I've mentioned a few times that overtime and shootout outcomes are essentially "luck." I wanted to put some numbers on it so you can see what I mean.
In the long-run, overtime winning percentage will converge to the same value as a team's overall winning percentage. But there's no such thing as "the long-run," with overtime: teams rarely play even 120 minutes of OT in a single season. The most likely outcome of a five-minute overtime period is a tie, which drags overall winning percentage towards the .500 mark, no matter how good a team is. Here's how teams have performed in OT (and the SO) relative to their record in regulation time:
to the Mean
The NHL played overtime 5-on-5 for the first 16 seasons it was in effect, then went to 4-on-4 for five years, and we're now in the fifth season of the OT/SO regime. While there was some relationship in the past between a team's overall record and its OT record, the introduction of the shootout has completely severed that link. Why play for 2 points in OT against a better team when you can go to the shootout and have a better chance of winning? As I've mentioned before, the incentives in overtime favor bad teams slowing down the pace against better teams.
Now those sample sizes aren't huge, so I thought I'd simulate overtime performance using a constant goal-scoring rate equal to the league-wide scoring levels at 4-on-4. Here's the relationship I get between a team's overall winning percentage and its performance in overtime if I assume that a team plays 20 overtimes per season:
That's 80% regression to the mean - a spread in winning percentage from .250 to .750 gets squeezed down to the .450 to .550 range. And even worse, with the advent of the extra point for overtime losses and shootouts, the number of points a team can expect to get in games that go to overtime regresses 90% from their true winning percentage. A team with a .250 true winning percentage - an expansion team, perhaps - still has a 40% shot at having a winning record or better between the shootout and overtime.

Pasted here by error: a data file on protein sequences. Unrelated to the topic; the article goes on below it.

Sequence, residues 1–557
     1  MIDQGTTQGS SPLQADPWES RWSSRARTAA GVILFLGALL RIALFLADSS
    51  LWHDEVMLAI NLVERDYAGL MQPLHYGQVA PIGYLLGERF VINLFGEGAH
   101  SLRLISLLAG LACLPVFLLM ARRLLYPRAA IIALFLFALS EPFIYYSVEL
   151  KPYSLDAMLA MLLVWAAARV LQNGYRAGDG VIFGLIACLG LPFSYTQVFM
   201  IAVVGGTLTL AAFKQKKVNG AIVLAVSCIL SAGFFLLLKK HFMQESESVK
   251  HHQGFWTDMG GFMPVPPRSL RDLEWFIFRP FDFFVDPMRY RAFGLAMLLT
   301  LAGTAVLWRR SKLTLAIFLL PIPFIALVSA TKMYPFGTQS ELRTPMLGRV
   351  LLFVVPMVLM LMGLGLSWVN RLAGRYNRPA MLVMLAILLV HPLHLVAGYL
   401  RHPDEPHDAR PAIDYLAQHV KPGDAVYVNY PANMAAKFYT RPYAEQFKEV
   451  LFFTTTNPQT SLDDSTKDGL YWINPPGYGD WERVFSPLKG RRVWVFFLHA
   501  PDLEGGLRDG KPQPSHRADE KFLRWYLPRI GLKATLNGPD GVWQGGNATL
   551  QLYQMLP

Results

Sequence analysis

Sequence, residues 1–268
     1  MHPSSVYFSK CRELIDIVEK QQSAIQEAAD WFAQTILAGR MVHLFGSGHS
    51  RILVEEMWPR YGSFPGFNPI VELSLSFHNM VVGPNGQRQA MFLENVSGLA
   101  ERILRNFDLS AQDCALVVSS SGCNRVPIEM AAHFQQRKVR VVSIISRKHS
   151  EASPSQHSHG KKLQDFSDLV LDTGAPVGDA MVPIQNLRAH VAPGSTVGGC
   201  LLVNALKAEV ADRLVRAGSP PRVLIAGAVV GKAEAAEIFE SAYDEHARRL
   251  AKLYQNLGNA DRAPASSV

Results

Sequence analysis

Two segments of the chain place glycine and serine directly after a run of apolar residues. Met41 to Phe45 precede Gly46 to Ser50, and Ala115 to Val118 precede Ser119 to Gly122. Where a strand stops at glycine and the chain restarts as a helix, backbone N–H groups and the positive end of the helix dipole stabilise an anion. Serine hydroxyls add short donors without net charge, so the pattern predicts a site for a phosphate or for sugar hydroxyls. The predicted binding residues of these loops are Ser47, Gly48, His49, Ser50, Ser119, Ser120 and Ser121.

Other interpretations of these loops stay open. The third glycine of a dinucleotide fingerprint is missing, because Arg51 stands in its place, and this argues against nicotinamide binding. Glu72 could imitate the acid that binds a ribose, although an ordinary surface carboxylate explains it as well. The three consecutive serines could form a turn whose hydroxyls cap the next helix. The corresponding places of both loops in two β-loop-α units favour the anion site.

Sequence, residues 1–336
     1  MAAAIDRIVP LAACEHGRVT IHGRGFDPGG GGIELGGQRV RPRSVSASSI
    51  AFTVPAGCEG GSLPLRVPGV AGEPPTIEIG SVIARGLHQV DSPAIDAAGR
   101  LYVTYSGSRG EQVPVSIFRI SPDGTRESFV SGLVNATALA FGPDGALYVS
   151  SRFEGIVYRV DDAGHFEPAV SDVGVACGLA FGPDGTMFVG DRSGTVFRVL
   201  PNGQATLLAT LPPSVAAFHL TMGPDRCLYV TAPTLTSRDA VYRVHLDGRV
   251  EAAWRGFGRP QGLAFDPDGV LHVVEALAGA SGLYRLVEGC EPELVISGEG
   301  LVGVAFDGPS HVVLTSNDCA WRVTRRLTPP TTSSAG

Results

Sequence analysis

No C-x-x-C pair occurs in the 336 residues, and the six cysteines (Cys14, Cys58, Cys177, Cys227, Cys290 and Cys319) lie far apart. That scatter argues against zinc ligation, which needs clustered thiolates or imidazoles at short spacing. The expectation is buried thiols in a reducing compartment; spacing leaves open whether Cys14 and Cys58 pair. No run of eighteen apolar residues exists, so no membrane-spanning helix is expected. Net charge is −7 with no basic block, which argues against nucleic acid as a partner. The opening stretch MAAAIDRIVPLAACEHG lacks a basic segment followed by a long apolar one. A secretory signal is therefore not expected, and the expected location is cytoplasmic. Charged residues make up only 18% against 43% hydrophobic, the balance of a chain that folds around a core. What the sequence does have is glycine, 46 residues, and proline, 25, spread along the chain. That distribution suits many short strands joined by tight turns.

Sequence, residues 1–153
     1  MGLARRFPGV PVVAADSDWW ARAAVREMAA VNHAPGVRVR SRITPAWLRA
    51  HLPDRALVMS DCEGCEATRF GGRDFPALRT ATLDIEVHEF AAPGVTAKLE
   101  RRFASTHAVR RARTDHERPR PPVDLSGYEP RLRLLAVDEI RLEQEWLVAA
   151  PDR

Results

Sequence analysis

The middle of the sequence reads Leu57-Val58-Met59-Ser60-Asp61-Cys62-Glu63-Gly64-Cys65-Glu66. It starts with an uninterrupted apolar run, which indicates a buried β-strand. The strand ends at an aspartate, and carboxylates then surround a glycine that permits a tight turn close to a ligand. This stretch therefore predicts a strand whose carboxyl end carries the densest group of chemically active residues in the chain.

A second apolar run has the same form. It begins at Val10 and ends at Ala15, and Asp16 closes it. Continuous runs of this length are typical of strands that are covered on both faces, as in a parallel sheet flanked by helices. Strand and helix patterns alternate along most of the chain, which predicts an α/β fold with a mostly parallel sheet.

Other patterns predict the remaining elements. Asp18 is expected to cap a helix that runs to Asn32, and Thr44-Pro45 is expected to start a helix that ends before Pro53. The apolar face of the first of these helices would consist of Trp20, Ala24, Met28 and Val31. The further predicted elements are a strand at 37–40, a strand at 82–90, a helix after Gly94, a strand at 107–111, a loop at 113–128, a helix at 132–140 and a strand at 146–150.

Overtime might seem like it gives a better team another chance to win the game, but five minutes is too little time to have much of an impact. In addition, the completely fluky nature of the shootout gives weaker teams an incentive to play for a tie in OT, so it's likely that overtime winning percentage is regressed even more than 90%. Overtime is a nice gimmick, but it's like Final Jeopardy! - you can be winning all game and one wrong answer leads to your downfall. And to drag the analogy even further, the shootout is like replacing Final Jeopardy! with a quick dart-throwing contest - it emphasizes a skill that's irrelevant to the rest of the game and gives you random outcomes.